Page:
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Monday, December 7, 2009

Where the tap of funnies does not run dry

Title: Footprints of the Outsider
Author: Julius Ocwinyo
Reviewer: Dennis D. Muhumuza

Footprints of the Outsider is a vivid depiction of the life and times of the people of Teboke, and how their lives are impacted when two Indians arrive and set up a ginnery in their land. In setting out to write this novel, Julius Ocwinyo told me he “just wanted to capture the history of Teboke; a place that I’m very fond of because a lot of my history is there.”

Teboke in Apac District is where the now acclaimed Ugandan author was born and had his education until he joined Kyambogo to study English and French. Perhaps it’s in being a part of the area in which the book is set that it is written fervently. I found it more hilarious than his first novel Fate of the Banished, which is on the literature syllabus. Even the author himself confesses to have enjoyed writing Footprints of the Outsider more than the former. The humour is a result of six years of toiling. That is what it took to finish the book.
From the hippos that sulk to a drunken man who touched his anus and mistook it for a mere scar and a priest who “relished using his fist to make people see the volcanic power of the Catholic God,” the tap of funnies does not run dry. But underneath all the humour and mirthfulness of the locals lie the despair and frustration that a life of struggle and overexploitation brings.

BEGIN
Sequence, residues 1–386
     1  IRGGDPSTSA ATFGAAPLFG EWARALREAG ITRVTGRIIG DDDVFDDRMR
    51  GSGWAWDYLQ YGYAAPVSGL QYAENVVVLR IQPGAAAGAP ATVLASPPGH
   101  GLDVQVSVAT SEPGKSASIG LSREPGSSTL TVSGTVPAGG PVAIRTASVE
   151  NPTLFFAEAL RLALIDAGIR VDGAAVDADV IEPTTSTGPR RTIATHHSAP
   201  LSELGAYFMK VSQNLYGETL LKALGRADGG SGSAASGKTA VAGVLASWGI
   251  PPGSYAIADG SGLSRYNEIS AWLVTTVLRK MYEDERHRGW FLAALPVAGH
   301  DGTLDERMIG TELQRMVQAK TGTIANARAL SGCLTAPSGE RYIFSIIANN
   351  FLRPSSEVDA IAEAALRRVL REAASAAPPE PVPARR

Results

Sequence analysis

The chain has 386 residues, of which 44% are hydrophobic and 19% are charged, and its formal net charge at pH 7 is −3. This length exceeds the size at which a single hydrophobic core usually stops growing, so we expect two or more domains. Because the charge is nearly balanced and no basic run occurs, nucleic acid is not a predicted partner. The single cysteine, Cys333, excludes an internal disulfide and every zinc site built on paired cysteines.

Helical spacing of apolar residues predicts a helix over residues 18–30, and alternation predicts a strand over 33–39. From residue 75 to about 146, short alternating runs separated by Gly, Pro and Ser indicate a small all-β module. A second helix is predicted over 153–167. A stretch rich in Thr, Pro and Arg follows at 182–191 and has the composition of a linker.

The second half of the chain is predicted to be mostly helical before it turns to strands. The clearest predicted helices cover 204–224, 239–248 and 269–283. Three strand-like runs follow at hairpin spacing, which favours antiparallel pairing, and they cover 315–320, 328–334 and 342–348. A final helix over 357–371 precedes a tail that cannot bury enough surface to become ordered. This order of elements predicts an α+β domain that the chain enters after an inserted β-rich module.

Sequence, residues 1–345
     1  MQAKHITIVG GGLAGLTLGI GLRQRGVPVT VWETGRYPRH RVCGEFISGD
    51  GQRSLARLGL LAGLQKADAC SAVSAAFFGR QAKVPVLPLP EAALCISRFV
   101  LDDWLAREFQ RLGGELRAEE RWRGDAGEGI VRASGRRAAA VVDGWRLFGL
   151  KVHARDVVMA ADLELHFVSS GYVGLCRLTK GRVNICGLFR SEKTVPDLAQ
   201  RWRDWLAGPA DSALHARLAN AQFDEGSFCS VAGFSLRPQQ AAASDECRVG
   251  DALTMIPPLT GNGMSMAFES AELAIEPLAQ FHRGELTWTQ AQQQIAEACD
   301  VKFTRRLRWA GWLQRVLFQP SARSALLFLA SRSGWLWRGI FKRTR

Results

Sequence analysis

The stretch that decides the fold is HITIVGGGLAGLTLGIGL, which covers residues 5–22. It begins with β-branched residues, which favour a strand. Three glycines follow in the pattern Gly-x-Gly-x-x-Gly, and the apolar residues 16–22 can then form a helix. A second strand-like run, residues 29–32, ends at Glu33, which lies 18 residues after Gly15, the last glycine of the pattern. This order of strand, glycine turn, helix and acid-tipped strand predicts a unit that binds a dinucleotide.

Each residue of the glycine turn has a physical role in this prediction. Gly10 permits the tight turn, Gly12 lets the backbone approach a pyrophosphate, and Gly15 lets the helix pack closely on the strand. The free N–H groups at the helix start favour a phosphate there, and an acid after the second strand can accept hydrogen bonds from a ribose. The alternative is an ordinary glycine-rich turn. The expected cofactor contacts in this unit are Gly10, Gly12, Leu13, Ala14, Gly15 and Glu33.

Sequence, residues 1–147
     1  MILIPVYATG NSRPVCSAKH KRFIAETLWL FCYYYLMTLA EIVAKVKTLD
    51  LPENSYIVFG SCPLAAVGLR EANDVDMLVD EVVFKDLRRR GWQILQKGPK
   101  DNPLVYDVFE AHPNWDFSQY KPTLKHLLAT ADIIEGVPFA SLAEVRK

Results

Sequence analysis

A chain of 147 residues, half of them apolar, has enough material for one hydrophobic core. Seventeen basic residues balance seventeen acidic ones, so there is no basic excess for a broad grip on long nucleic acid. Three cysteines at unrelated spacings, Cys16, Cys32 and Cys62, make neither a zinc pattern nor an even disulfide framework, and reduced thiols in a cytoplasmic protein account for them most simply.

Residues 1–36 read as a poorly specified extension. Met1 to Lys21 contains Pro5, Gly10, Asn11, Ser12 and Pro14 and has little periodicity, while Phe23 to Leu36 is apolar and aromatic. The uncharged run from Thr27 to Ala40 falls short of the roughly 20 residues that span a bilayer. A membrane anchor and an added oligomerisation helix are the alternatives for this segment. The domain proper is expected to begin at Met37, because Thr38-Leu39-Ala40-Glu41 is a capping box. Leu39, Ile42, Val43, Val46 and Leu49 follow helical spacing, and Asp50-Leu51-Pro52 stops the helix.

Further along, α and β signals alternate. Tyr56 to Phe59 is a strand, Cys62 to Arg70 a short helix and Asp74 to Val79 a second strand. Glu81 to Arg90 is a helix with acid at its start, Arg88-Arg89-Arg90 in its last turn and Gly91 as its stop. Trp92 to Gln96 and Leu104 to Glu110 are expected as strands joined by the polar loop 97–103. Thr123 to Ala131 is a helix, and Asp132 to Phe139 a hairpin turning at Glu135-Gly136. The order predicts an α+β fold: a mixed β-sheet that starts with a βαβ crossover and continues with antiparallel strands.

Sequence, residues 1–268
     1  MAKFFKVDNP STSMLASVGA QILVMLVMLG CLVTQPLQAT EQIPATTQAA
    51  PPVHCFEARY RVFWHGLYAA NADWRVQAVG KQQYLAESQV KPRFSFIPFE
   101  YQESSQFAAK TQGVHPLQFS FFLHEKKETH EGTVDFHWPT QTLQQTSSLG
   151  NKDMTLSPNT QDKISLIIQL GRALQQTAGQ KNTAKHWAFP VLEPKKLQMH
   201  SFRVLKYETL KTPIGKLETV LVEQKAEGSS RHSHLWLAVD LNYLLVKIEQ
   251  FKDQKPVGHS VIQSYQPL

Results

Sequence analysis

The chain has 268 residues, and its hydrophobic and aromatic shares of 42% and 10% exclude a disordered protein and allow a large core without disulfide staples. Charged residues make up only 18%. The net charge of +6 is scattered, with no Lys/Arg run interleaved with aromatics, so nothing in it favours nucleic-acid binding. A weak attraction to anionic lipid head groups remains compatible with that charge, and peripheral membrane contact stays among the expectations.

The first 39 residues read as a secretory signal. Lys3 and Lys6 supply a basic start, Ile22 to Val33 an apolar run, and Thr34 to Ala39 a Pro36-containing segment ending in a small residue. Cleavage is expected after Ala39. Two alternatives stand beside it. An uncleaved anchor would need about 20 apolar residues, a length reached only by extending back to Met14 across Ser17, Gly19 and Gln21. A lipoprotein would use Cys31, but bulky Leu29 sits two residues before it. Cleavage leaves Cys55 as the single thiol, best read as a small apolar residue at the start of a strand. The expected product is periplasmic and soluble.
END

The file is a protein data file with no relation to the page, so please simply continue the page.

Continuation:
The author tackles the absurdity of the cleft between people of different colour, race, religion and political affiliations.

His cynicism toward religion and politics is also evident. The political clash between Abudu Olwit and veteran politician Mike Adoli-Awal is reminiscent of the showdown between the protagonists of Chinua Achebe’s A Man of the People.
Also, it appears the chilling subject of child sacrifice in Uganda is not a new phenomenon after all. Writes Ocwinyo on page 5: “It was whispered that when the construction of the ginnery had been completed, the Indians had commissioned Ikangi to abduct any young boy with a bulging navel so that his neck could be slit and his blood splashed on the ginnery machines. This blood-libation, they said, would ensure that the machines ran without trouble.”

The blurb gets it when it says Ocwinyo “captures the spirit of a place and a vital era of Uganda’s history, even as he seeks to unravel the various ways in which political developments impinge upon the lives of ordinary people.” The 165-page novel, published by Fountain Publishers, is available in leading bookshops.

--Sunday Monitor, November 8th, 2009